Six-month interest-free grace period eliminated with 10% cut to tuition fees
By Mick Sweetman and Nico deVeber
Students on OSAP could be paying more for student loans, even as the government cuts tuition.
Along with a 10 per cent cut to tuition, the Ontario government has announced major changes to the Ontario Student Assistance Program (OSAP), including the elimination of the “free tuition” grants for low-income students brought in by the previous Liberal government.
Additionally, the no-interest six-month grace period for student loans is also being eliminated, meaning that students will start accumulating interest on OSAP loans the day after that they graduate.
The new OSAP rules also mean that students who previously had non-repayable grants, covering the average tuition, will see the non-needs-based grants converted to loans.
A report from the Auditor General in December concluded that OSAP could cost the government up to $2 billion by 2020-21.
The Auditor General’s report found that while there were 27 per cent more college students getting financial aid, enrolment only increased by two per cent.
“The number of people accessing higher education is not commensurate with the additional OSAP funding,” stated the report.
“We cannot let yesterday’s recklessness threaten tomorrow’s students,” said Merrilee Fullerton, Minister of Training, Colleges and Universities. “It is up to us to restore accountability, trust, and sustainability to all of government, including OSAP.”
College students will see the average “sticker price” of tuition reduced by about $340 this fall and that will be frozen for the following year.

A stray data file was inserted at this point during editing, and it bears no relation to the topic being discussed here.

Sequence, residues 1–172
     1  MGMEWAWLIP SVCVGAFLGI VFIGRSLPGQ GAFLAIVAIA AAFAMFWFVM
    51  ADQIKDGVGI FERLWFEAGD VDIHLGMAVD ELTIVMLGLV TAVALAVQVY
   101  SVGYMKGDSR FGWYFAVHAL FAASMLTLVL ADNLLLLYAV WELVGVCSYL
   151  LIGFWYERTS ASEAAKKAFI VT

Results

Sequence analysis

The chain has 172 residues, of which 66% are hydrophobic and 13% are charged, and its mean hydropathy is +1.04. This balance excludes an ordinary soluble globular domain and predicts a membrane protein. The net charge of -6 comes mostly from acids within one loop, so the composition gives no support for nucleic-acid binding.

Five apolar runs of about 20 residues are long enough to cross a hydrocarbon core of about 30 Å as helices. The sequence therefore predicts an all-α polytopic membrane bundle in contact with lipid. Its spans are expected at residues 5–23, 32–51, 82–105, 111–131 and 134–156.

Mature students will also see a change in their eligibility, with their parent’s income now being taken into account for those who have been away from school for a six-year period instead of the previous four years.
Fullteron said students who are currently considered mature students will not see their OSAP eligibility change.
In the Auditor General’s report, 27 per cent of mature students in Ontario were only able to start accessing OSAP in the 2017-18 school year.
“The reality of loans-based financial aid programs is that students from low-income families pay more for their education in the long-run,” said Nour Alideeb, Chairperson of the Canadian Federation of Students-Ontario (CFS-O). “This announcement will make life harder for students and their families.”
When asked if the government will provide additional funding to make up the difference, Fullteron said that the institutions would have to figure it out for themselves.
“Colleges are relatively independent. They have revenues from other sources and we anticipate that they are capable to make adjustments,” said Fullerton.
The government will also administer a fund for smaller northern institutions to adjust to the tuition reduction.
“I think this is ultimately a deceitful announcement, that they’re trying to sugarcoat what they’re actually doing, and students in the long-run are going to lose,” said Chris Glover, the NDP’s colleges and universities critic. “They’re going to be worse off than they were before these changes were made.”
The government is also requiring colleges and universities to provide an “online opt-out option for all non-essential non-tuition fees.”
Fees used to fund campus-wide services and facilities or fees for health and safety of students will remain mandatory. Examples of services include Safewalk, health and counselling, athletics and academic support.
Student organizations are concerned that this will hurt student unions in the province who deliver services like health benefits, academic advocacy, clubs, services for marginalized students, food banks and transit passes.
“This is a cynical move by the provincial government to undermine the very organizations that will fight Doug Ford’s cuts to public post-secondary education,” said Sami Pritchard, the national executive representative for the CFS-O.
“Without student associations, there is no one to hold institutions accountable for decisions surrounding fee increases, programming, or strategic plans,” said Brittany Greig, president of the College Student Alliance.